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Clearlight - Clearlight Symphony CD (album) cover

CLEARLIGHT SYMPHONY

Clearlight

 

Symphonic Prog

3.91 | 202 ratings

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Cesar Inca
Special Collaborator
Honorary Collaborator
5 stars Consisting only of two sidelong Movements, Clearlight's debut album is one of the finest prog releases ever in the history of French rock. "Symphony" is literally a symphony of not only sound, but also reflection and emotion: the richness and majesty of this sonic tapestry are so amazing that it happens to bear an almost surreal beauty even in those particularly disturbing places. Cyril Verdeaux, a refined keyboardist and an inspired composer, created such wonderful music and managed to join forces with a host of equally inspired partners in order to concretize it in such a magnificent way. The presence of major Gong names in the support ensemble makes it assured that the music will bear a distinctive cosmic flavor, at least. Verdeaux's individual performing style is clearly influenced by the standard polish vibe of academicism, yet you can tell that his musical vision is pretty close to the peculiar exuberance of the jazz tradition and the eerie nuances so typical of spacey-oriented rock. All this gets translated into a peculiar type of symphonic prog: actually, Clearlight's global sound preserves the usual sense of bombast and artistic stylishness of symphonic prog, indeed, but let's keep in mind that this offering is quite peculiar and distinctive. Both Movements last almost 20 minutes each. 1st Movement kicks off with effective piano chords that don't take long before they articulate a basic motif, with the whole band getting in for the expanding jams. While the guitar and sax provide excellent flourishes, it is the recurrently floating synthesizer that sets a sort of surreal core for the support band's whole sound. Piano and organ alternate their soling before the sixth minute arrives, a time when things get jazzier in a Canterbury-like manner. It is in this passage that Hillage begins to assume a proper leading role, albeit not going all free but keeping a solid touch with the rhythm section's pulsations and the mellotron layers. At minute 12 chaos arrives to set a dislocated sonic landscape: only when the chaos eventually disappears can the initial piano motif reemerge and restore order. After an excellent sax solo, things get majestic, with a choral mellotron that casts a splendorous light on the remaining instrumentation. The organ arpeggios' fade- out has a dreamy effect, very proper for the 1st Movement's closure. For the 2nd Movement, Verdeaux dispenses with a recurrent rhythm section and chooses to lead the ensemble across a realm of pure evocation. The initial motif, carried on by piano and mellotron, simply makes the word 'delightful' reach a transcendent meaning. The successive emergence of synth and trumpet adornments, keyboard floating effects and subtle guitar layers elaborate a delicate orchestral architecture that gradually turns from an introspective candor to an intense expansion (which is when it sounds to my ears like an ethereal version of classic Magma). A few seconds before the 5th minute comes a scary section that seems to set a challenge to reason and intellect. Even though it is fair to say that this Movement is patently more relaxed than the first one, this is far from "new age". Occasional elements such as the explosively neurotic guitar solo at minute 8 and the mysterious ethnic section between 15'30" and 16'30" manage to create an interesting mood of tension and colorful variation against the more candid sections in which plain serene beauty rules. The reprise of the 1st Movement's main motif sets the pace for the 2nd Movement's closure, leading to a dreamy climax in which the cosmic vibe prevails. This Clearlight Symphony is a supreme masterpiece of prog, and in many ways it would be accurate to say that Verdeaux wasn't destined to top or equal this exquisite opus. But, all in all, the career of Clearlight is not to be dismissed, since I has many excellent items. but that's a matter for other reviews. I'll end this one expressing my maximum rate for the album in question.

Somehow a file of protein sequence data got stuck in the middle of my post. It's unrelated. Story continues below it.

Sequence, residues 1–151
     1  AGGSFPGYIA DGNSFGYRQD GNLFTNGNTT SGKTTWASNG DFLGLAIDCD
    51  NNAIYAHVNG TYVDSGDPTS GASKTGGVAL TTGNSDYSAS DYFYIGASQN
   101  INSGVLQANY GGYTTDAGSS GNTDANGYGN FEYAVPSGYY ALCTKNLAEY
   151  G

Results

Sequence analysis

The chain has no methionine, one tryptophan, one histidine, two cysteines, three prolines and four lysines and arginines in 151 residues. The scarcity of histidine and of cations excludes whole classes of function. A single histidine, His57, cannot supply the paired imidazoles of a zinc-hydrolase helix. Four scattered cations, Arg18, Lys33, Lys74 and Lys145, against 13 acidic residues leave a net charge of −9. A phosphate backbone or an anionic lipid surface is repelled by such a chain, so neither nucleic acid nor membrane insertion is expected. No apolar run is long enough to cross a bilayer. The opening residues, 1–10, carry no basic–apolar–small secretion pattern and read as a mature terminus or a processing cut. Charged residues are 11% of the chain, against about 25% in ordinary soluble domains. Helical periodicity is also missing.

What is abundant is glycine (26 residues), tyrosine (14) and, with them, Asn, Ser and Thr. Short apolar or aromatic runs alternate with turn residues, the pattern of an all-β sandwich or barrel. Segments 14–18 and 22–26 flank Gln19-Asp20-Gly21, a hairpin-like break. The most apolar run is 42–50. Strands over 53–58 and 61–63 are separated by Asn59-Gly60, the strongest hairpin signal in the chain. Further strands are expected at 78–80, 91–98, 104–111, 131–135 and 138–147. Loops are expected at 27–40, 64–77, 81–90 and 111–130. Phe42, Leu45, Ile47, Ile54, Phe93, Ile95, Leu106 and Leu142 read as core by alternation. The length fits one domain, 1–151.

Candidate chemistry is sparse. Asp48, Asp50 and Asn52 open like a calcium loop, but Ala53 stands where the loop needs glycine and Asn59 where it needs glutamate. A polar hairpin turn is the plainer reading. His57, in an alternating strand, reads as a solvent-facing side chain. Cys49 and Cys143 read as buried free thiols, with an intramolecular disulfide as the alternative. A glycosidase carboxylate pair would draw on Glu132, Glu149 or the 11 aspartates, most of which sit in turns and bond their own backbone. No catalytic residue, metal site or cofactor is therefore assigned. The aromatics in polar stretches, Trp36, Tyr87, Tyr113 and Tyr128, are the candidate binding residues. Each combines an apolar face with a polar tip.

Cesar Inca | 5/5 |

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